The British government has received a grilling over its exposure to 1,000 plus Capita contracts, following a pre-tax loss of £515m reported by the outsourcing giant yesterday.
In an urgent question to the House of Commons on Tuesday, Lib Dem MP Vince Cable drew the inevitable comparison with collapsed outsourcing provider Carillion, and asked whether new contracts with Capita had been stopped.
He said that Capita's IT services affect "literally millions of people," for example, in relation to tax credits, disability testing and benefits, the congestion charge and the BBC licence fee.
"What contingency plans has the minister put in place since he was informed that the company’s losses are not sustainable?"
Oliver Dowden, minister for implementation, noted that no new contracts have been awarded by central government since first responding to its profit warning in February. "However, I understand that the BBC and authorities in Northern Ireland have announced contracts."
Prodded again by Labour MP Christian Matheson about a possible plan B, Dowden said the government undertakes "appropriate contingency planning in respect of all our strategic suppliers".
Still not satisfied with his answer, Labour MP and Public Accounts Committee head Meg Hillier, asked Dowden to outline how many of the contracts he is concerned about and how many it is in discussion with Capita about reviewing.
"Each department is responsible for ensuring their proper delivery, and if the company is not delivering properly, it will be in breach of the contract and remedies will be available," he said.
...[P]reparing for potential "provider failure" is harder than it should be due to the extremely poor quality of contracting data – thinktank
Of the current major central government contracts awarded to Capita, nine were brokered under Labour (20 per cent), some 24 under the coalition (53 per cent), and 12 under the current government (27 per cent), said Dowden.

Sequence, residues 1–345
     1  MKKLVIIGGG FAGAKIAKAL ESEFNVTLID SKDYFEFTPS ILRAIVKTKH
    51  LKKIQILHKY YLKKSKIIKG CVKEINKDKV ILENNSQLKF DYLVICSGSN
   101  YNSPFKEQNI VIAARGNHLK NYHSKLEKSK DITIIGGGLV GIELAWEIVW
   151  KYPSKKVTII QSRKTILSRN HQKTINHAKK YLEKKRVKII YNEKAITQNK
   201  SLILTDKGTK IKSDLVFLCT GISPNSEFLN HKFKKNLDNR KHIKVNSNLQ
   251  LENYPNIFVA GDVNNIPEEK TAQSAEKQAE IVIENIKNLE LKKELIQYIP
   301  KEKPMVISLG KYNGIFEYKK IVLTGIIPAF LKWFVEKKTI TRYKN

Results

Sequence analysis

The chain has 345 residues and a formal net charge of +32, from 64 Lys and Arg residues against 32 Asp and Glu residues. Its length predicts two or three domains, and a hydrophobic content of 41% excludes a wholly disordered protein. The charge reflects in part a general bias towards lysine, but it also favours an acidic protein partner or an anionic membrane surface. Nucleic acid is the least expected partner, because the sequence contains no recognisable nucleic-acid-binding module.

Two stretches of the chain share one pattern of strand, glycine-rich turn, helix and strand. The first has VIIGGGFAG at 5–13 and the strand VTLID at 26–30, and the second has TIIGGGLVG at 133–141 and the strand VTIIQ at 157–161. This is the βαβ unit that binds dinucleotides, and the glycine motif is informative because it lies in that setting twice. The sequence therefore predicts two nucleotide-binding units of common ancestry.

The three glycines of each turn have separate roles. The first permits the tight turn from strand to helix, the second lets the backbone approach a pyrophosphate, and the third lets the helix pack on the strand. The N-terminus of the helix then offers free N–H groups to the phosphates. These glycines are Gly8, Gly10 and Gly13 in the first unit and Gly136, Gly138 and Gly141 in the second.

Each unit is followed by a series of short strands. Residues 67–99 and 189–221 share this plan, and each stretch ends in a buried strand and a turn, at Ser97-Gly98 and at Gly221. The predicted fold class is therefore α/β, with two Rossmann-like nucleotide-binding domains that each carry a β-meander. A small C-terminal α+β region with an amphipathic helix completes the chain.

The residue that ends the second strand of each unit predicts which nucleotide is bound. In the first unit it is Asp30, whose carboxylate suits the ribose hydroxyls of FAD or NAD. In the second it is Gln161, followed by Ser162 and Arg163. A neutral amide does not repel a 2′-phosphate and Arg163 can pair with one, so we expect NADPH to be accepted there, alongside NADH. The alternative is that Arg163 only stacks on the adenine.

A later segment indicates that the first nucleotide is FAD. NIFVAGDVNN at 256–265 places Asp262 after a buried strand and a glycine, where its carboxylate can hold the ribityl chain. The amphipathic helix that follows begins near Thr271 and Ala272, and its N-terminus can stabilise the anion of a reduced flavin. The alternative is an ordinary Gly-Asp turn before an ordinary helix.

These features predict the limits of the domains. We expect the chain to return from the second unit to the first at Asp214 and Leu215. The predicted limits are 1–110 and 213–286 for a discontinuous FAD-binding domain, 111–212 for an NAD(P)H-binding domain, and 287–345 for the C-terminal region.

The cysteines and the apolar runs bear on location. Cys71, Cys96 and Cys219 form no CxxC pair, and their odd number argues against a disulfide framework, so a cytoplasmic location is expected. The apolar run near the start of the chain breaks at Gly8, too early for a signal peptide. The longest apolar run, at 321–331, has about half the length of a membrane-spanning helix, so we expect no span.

However, according to OpenOpps, a company that publishes data on government contracts, Capita is likely to have over 1,000 public sector contracts in total, compared with Carillion's 450.
Nick Davies, associate director at the Institute for Government think tank, said failure to pay salaries would have a far more direct impact on public sector staff and the public than delays to construction projects.
"It would also be trickier to continue these services in the event of failure without bailing out the whole company," he wrote in a blog post.
Davies said preparing for potential "provider failure" is harder than it should be due to the extremely poor quality of contracting data, with the government still in the dark about many outsourced contracts it has and their total value.
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One point Dowden was willing to concede was that the disastrous Capita army recruitment had not gone as well as planned – as exclusively revealed by El Reg. He said the Ministry of Defence and Capita have agreed an improvement plan.
Tory MP Mark Francois pointed out the deal "is now known universally in the Army as 'Crapita', because of its poor performance on the contract".
Much hilarity ensued, prompting Commons Speaker John Bercow to intervene. "I must tell the right honourable gentleman that his second reference to the rather unfortunate nickname of the company concerned has just caused some merriment among school students in the Public Gallery. They clearly found it very funny, as did I."
Dowden responded: "My children are aged six and eight, and on the off-chance that they happen to tune into this later, I will make sure that I do not repeat that word, because I would not want to hear it around our breakfast table."
Certainly no one wants to hear such a name out of the mouths of babes. ®
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